Enhanced growth of murine melanoma in ultraviolet-irradiated skin is associated with local inhibition of immune effector mechanisms
Donawho, CK and Muller, HK and Bucana, CD and Kripke, ML, Enhanced growth of murine melanoma in ultraviolet-irradiated skin is associated with local inhibition of immune effector mechanisms, Journal of Immunology, 157, (2) pp. 781-186. ISSN 0022-1767 (1996) [Refereed Article]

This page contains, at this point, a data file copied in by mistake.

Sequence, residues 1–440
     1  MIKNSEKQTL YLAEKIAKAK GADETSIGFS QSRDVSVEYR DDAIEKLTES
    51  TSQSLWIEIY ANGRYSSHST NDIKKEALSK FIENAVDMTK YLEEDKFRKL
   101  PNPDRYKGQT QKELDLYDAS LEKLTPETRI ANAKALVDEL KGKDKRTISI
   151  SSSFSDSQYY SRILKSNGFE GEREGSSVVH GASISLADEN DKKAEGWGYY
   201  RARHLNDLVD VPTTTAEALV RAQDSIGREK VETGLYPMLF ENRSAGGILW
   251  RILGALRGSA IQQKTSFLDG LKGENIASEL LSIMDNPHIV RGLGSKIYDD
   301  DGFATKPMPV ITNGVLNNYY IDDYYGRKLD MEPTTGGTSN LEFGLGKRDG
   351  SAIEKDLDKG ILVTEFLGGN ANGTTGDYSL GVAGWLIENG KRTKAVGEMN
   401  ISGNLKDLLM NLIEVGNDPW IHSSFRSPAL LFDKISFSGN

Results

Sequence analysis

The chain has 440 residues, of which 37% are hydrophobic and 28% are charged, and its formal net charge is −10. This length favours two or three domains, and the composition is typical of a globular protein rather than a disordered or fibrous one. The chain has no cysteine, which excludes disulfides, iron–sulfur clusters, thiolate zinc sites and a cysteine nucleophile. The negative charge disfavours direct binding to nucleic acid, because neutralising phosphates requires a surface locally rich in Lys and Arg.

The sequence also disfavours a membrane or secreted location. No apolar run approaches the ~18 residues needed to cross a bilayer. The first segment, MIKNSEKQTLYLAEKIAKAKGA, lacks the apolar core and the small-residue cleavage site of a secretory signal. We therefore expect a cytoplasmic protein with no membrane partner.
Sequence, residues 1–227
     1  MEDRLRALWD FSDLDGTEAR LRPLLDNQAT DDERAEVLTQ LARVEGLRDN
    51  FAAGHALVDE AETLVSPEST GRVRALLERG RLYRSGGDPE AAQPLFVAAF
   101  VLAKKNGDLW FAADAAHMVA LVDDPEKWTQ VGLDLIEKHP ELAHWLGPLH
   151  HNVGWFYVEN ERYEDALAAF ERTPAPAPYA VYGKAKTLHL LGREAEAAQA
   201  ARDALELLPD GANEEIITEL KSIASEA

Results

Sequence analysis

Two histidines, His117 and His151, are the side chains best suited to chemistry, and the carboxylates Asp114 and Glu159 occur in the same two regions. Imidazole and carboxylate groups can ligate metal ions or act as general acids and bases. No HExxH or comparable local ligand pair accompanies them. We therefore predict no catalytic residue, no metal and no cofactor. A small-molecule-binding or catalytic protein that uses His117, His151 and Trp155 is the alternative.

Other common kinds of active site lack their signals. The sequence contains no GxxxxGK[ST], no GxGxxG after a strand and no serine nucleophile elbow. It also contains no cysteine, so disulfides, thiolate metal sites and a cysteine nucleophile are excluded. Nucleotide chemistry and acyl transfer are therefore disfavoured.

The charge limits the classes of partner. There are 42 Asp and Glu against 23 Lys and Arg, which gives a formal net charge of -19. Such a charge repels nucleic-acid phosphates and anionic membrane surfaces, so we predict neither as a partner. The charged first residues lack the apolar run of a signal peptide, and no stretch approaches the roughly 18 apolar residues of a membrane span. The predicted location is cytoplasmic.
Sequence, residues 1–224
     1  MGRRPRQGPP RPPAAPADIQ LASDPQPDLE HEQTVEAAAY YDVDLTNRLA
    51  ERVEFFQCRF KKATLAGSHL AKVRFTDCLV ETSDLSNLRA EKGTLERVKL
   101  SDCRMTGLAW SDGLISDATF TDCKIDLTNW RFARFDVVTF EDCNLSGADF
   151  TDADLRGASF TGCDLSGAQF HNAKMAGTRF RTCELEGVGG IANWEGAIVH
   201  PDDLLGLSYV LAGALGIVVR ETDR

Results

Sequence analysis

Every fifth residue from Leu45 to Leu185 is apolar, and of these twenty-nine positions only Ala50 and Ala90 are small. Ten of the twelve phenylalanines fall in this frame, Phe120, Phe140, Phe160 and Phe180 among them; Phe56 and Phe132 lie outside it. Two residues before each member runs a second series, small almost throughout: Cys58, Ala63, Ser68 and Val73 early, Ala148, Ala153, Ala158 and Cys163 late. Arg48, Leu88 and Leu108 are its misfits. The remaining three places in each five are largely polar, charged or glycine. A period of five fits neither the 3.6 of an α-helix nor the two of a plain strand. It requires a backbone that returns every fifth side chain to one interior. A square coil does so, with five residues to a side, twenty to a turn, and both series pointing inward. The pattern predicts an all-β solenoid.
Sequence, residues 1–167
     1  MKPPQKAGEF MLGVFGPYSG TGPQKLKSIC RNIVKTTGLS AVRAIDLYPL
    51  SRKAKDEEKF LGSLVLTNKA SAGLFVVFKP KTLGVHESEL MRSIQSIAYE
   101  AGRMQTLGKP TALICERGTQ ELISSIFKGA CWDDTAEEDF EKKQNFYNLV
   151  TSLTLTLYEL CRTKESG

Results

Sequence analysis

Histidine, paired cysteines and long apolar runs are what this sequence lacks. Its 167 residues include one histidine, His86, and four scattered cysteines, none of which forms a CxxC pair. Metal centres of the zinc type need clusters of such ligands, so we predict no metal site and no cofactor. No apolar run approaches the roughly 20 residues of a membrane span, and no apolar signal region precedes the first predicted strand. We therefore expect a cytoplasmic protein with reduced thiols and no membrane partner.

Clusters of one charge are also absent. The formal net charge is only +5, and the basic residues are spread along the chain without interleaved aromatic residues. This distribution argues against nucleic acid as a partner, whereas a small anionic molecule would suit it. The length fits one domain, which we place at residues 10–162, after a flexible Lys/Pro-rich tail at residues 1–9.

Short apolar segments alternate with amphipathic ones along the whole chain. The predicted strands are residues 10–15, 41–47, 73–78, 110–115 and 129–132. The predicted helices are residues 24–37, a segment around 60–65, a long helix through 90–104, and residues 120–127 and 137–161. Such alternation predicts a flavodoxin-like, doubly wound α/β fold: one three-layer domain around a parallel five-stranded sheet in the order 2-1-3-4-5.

We have developed a model for studying the role of local immunologic mechanisms in tumor development, in which injection of K1735 melanoma cells into the UV-irradiated ears of C3H mice results in a significantly higher incidence of tumors than injection into unirradiated ears. This effect of UV irradiation is immunologically mediated. We hypothesized that UV blocks the efferent arm of the immune response, thereby facilitating tumor development within the irradiated site. We demonstrate that elicitation of a delayed type hypersensitivity response to alloantigen is diminished in UV-irradiated ears. In addition, tumor rejection is impaired in melanoma-immune mice challenged in UV-irradiated ears, even though such mice exhibit systemic immunity when challenged in a nonirradiated site. The ability of immune lymphoid cells to inhibit melanoma growth when mixed with tumor cells and injected into the ears was inhibited by prior UV irradiation of the ears, indicating that the activity of immune effector cells is abrogated in the UV-irradiated microenvironment. Analysis of lymphoid cells in growing tumors indicated that the number of CD8+ T lymphocytes was reduced in the UV-irradiated site. We conclude that efferent immune responses are impaired in UV-irradiated tissue and suggest that the impairment may involve reductions in both the number and the activity of immune effector cells. These studies illustrate that conditions in the local microenvironment during the early stages of tumor growth may profoundly influence the outcome of the host-tumor interaction.